Many of the playground’s climbing structures were cordoned off because they had become unsafe. But it’s the park’s popular water features that were perhaps the most missed the last few years, when the drainage system essentially stopped functioning because of either damaged or blockage. The Friends of Hudson River Park, a nonprofit, in partnership with Hudson River Park Trust and with the support of local elected officials, began a capital campaign two years ago to fund renovations and raised $3.4 million for a makeover designed by the firm Michael Van Valkenburgh and Associates.

Now what? The transition home from the hospital may be complicated. The Visiting Nurse Service of New York can help. Our skilled rehabilitation therapists will work to rebuild her speech, movement and memory, while our nurses will be there to help manage pain, monitor vitals and assist with medication. With rehabilitation services that enhance the recovery process, the Visiting Nurse Service of New York is the right care now. CALL NOW TO LEARN HOW WE CAN HELP YOUR LOVED ONE MAKE THE BEST RECOVERY POSSIBLE WITH VNSNY REHABILITATION THERAPIES. 1-855-VNSNY-NOW • VNSNY.ORG

Services are usually covered by Medicare, Medicaid and most insurers. VNSNY also offers private care. What the Hudson River Park’s Chelsea Waterside Play Area is projected to look like following its renovation. Rendering courtesy of Michael Van Valkenburgh Associates

© 2017 VNSNY


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MARBLE COLLEGIATE CHURCH Sunday Worship at 11:00am Sunday Worship, led by Dr. Michael Brown, is the heart of our community. It is where we gather to sing, pray, and be changed by an encounter with God. Marble is known throughout the world for the practical, powerful, lifechanging messages as well as world class music from choirs that make every heart sing.

Discover the world around the corner. Find community events, gallery openings, book launches and much more: Go to nycnow.com

EDITOR’S PICK

Thu 5

Busy? Live stream Sunday Worship with us at 11:00am at MarbleChurch.org

Upcoming Events Open House New York Marble Collegiate Church | Saturday, October 14 at 12:00pm Marble is excited to once again open our doors as a part of Open House New York. Our church is a prominent example of Romanesque Revival architecture with Gothic influences and preserves many original 1854 features. See our historic Sanctuary, featuring beautiful stained glass windows, two of which are Tiffany, our Labyrinth Room with an inlaid labyrinth and our lovely Chapel. From the spire to the fine details of the interior, Marble is a treasure worth exploring. Join us for guided or self-guided tours. No registration necessary. FREE ADMISSION.

Silent Movie Night: Halloween Edition The Phantom of the Opera Marble Collegiate Church Thursday, October 26 at 7:30pm World-renowned Peter Krasinski returns for our Halloween-themed silent movie The Phantom of the Opera! Come experience thrills and chills with a live, improvised organ score. Tickets are available at the door. Tickets: $20 general admission and $15 for students/seniors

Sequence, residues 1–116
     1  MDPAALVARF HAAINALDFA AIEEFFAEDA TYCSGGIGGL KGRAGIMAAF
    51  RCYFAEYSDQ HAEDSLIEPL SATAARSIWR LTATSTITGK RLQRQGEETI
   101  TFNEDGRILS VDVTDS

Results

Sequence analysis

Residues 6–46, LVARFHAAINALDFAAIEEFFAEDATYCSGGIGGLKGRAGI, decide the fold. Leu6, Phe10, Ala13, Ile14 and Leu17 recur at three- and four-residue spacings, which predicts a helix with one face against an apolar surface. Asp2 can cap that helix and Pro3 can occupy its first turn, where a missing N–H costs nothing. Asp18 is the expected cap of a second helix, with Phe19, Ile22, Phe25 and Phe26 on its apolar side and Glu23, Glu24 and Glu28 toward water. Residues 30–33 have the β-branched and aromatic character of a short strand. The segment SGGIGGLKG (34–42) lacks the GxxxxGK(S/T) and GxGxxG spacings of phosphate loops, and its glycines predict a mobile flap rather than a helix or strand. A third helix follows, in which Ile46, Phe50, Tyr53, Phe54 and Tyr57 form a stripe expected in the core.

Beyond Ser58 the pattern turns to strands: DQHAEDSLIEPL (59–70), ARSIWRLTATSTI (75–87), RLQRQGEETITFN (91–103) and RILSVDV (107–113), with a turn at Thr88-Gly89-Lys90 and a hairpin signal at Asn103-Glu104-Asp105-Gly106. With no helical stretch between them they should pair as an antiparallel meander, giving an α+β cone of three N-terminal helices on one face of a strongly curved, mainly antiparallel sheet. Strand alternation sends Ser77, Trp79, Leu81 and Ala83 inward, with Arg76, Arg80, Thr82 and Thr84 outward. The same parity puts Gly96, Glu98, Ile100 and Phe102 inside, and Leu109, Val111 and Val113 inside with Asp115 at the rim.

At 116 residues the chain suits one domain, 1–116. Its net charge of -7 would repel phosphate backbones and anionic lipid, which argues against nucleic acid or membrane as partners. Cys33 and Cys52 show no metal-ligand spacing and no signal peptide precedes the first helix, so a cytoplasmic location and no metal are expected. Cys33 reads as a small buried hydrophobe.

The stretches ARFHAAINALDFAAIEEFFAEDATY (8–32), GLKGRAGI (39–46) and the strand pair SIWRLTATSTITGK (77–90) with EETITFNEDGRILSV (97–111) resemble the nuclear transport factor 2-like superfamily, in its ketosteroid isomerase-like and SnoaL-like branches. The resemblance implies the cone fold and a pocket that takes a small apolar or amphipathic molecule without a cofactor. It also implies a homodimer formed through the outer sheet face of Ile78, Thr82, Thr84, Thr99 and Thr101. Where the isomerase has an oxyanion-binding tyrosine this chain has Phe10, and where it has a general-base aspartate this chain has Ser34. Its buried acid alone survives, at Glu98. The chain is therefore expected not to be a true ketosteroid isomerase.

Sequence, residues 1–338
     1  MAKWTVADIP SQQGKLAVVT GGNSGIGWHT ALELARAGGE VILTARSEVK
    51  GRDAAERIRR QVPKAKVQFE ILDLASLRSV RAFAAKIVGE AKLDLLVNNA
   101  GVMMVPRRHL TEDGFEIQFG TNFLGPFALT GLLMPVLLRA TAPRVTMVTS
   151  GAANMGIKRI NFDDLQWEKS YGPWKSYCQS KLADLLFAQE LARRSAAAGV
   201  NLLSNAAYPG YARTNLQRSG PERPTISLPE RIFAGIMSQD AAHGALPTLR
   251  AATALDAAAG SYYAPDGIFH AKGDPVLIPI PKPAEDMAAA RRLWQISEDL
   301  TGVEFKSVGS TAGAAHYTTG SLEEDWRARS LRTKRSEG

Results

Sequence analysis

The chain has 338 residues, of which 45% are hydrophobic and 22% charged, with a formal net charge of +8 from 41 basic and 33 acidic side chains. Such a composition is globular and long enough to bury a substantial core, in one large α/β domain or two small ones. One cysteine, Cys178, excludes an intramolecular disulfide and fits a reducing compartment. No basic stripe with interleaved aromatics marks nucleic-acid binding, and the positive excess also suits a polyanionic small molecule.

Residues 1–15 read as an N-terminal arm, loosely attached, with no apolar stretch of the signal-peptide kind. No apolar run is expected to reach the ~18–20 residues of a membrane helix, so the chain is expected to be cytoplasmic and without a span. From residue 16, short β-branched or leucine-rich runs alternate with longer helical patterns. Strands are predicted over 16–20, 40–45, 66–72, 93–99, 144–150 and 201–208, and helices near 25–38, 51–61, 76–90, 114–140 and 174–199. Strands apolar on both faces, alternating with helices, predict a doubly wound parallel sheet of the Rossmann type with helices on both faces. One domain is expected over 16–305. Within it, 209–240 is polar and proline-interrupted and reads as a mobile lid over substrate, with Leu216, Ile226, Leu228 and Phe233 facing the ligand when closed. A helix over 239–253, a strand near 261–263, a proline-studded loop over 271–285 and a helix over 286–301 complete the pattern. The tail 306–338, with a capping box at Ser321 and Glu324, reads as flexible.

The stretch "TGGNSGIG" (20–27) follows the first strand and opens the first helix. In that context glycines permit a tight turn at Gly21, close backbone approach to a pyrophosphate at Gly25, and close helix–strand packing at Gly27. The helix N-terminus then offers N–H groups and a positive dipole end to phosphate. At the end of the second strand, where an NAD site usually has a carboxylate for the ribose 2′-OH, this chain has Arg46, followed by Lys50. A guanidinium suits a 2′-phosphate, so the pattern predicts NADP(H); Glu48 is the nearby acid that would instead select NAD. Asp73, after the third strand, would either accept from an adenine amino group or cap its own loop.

Family Costume Party Marble Collegiate Church | Saturday, October 28 at 12:00pm Join us for another spooky day of fun, food, and prizes. Children and adults are encouraged to dress in costume. Prizes will be given for a variety of costume types! $10 per person; family discounts available.

Event listings brought to you by Marble Collegiate Church. 1 West 29th Street / New York, New York 10001 212 686 2770 / MarbleChurch.org Download the Marble Church App on iPhone or Android

LIVING IN A DYING WORLD: A 19TH CENTURY HOME IN MOURNING Merchant’s House Museum, 29 East Fourth St. Noon to 8 p.m. on Thursdays, and from noon to 5:00 p.m. on Fridays through Mondays, from Oct. 5-30. $15 212-777-1089. nycgovparks.org/events Modern mourning rituals — Facebook tributes, funeral selfies, impromptu Twitter wakes — might seem distinctively contemporary. Yet a compelling new exhibit at the Merchant’s House Museum offering a peek into mourning rituals of the past proves we pay our respects to the dead in surprisingly similar ways — well, in spirit, at least. At the “Truly We Live in a Dying World: A 19th-Century Home in Mourning” exhibition, step back in time to 1865, when family patriarch Seabury Tredwell died in his second-floor bedroom. Scenes of death and grief recreated in the house will explore mid-19th century mourning customs. Viewers can pay last respects at his deathbed upstairs, or join the mourning in the double parlor, hung with black crepe and set for a mid-19th century funeral. The exhibit even has its own hashtag (#mhmcoffin2017) if you’re so inclined to stage your own “postmortem” photograph in a 19th century coffin. Tredwell family photographs and mourning attire and accessories, including jewelry made of hair, a black net veil, and two 1870s mourning gowns will also be on display. Dubbed “Manhattan’s Most Haunted House,” the Merchant’s House is the only family home in New York City know to survive intact from the 1830s. It remains virtually unchanged from when it served as home to Tredwell, his wife Eliza, and their eight children (the youngest, Gertrude, is rumored to be the lingering spirit). Come and explore the life of the dead.